A new California law makes it an unlawful employment practice for a covered employer to refuse to grant a request by an eligible employee to take up to 5 days of reproductive loss leave following a “reproductive loss event.” “Reproductive loss event” means the day or, for a multiple-day event, the final day of a failed adoption, failed surrogacy, miscarriage, stillbirth, or an unsuccessful assisted reproduction.
Covered employers include either:
- A person who employs 5 or more persons to perform services for a wage or salary; or
- The state and any political or civil subdivision of the state, including, but not limited to, cities and counties.
Eligible employees include those employed by the employer for at least 30 days prior to the commencement of the leave.
The law requires that leave be taken within 3 months of the event, and pursuant to any existing leave policy of the employer. If an employee experiences more than one reproductive loss event within a 12-month period, the employer is not obligated to grant a total amount of reproductive loss leave time in excess of 20 days within a 12-month period.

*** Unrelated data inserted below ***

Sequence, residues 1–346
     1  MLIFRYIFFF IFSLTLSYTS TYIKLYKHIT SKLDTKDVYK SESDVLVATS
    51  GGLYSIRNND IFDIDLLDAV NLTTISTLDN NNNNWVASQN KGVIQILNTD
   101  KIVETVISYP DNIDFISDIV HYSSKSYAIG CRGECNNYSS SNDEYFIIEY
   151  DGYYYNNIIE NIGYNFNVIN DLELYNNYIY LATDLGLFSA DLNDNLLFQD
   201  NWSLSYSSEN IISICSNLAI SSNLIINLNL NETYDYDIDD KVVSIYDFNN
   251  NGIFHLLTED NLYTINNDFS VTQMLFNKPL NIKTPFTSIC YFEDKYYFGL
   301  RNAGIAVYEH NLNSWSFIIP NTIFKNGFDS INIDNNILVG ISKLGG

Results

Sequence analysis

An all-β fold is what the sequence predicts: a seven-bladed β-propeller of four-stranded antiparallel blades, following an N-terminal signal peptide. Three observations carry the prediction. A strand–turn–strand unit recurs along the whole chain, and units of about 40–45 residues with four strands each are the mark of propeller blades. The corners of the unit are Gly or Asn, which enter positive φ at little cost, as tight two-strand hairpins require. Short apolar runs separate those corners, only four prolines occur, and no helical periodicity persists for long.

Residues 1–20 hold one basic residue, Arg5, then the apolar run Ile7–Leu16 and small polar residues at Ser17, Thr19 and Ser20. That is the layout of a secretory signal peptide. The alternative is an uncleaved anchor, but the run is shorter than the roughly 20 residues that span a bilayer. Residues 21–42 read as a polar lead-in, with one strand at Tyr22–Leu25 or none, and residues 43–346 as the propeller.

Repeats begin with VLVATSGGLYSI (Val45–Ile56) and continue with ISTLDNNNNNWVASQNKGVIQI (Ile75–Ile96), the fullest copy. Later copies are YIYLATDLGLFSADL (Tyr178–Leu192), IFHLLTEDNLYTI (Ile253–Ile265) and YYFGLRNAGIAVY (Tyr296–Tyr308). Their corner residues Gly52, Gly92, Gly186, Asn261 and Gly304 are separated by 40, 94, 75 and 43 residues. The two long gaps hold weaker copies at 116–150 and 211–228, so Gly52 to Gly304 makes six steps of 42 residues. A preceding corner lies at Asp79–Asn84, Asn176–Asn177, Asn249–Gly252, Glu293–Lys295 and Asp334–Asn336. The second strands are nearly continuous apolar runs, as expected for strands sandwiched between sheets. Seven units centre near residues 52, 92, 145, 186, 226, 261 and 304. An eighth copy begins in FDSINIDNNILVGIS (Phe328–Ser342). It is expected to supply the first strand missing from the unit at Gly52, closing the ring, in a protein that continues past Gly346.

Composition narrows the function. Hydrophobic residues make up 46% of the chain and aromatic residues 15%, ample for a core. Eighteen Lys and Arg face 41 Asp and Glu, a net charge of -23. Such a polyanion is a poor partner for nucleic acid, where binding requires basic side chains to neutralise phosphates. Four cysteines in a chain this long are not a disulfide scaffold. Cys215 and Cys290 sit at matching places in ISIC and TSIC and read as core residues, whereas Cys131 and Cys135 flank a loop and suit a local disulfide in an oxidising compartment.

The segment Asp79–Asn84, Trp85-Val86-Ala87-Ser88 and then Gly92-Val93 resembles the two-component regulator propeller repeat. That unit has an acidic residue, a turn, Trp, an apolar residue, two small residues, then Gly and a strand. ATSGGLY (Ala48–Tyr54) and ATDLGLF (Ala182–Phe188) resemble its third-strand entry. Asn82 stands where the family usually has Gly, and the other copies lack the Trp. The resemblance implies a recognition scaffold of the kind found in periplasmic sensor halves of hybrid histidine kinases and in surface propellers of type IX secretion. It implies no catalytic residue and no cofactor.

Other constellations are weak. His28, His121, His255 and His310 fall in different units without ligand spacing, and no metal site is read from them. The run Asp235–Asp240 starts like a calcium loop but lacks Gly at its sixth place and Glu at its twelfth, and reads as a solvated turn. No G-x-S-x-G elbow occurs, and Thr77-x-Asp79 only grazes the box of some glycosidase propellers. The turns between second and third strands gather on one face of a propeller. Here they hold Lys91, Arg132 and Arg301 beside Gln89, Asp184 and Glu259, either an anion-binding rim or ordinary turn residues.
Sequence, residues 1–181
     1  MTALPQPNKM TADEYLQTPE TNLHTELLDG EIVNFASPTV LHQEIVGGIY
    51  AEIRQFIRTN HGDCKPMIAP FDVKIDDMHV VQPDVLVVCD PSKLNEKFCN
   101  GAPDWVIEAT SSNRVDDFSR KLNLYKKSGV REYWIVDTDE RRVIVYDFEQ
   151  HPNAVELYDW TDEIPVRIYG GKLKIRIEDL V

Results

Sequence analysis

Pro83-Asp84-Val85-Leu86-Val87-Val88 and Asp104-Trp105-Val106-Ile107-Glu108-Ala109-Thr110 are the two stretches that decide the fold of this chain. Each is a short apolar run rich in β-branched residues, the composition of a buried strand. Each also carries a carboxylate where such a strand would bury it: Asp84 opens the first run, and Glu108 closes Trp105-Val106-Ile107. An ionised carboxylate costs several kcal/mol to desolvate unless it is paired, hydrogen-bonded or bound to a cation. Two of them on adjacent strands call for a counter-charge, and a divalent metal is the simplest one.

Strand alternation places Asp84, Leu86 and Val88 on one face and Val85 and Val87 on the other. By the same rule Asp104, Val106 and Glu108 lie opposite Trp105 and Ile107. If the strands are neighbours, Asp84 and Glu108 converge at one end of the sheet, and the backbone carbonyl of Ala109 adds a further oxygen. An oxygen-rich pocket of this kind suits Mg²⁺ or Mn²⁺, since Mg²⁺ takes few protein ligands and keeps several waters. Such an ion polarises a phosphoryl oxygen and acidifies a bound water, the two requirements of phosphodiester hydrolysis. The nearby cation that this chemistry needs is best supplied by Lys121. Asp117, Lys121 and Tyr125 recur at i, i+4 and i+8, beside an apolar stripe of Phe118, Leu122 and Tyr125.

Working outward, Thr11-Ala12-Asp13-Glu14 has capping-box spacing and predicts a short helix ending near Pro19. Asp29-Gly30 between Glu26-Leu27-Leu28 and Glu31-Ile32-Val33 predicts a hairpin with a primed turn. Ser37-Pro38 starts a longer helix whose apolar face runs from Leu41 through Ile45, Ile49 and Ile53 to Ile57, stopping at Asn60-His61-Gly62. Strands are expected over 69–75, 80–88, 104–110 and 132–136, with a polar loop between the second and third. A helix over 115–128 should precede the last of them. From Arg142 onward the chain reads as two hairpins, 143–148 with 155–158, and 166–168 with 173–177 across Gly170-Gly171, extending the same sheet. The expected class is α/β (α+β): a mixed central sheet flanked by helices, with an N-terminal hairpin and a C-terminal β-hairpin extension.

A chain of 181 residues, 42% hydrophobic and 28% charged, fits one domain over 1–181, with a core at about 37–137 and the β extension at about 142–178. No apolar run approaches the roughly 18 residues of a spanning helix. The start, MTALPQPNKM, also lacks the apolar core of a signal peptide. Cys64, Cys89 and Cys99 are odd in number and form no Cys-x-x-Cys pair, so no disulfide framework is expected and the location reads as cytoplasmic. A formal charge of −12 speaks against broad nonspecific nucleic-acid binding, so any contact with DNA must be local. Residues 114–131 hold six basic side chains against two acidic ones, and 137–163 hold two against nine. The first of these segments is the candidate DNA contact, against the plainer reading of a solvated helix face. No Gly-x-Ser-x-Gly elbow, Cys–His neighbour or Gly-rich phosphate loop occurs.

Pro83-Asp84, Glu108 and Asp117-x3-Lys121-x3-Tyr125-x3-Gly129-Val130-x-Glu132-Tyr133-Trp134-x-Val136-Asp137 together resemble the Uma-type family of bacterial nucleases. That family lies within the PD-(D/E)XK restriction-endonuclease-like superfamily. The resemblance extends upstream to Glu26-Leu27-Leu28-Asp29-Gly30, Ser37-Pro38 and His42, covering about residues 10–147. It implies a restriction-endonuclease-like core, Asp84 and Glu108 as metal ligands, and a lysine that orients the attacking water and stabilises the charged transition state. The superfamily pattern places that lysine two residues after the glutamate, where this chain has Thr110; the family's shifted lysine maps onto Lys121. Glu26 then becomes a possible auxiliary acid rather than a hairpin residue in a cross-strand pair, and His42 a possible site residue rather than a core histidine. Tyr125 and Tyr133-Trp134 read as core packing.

In the absence of an existing policy, the reproductive loss leave may be unpaid. However, employees may use certain other leave balances otherwise available to the employee, including accrued and available paid sick leave.
Employers are also prohibited from retaliating against an individual because of their exercise of the right to reproductive loss leave or the individual’s giving of information or testimony as to reproductive loss leave.
The law becomes effective on January 1, 2024.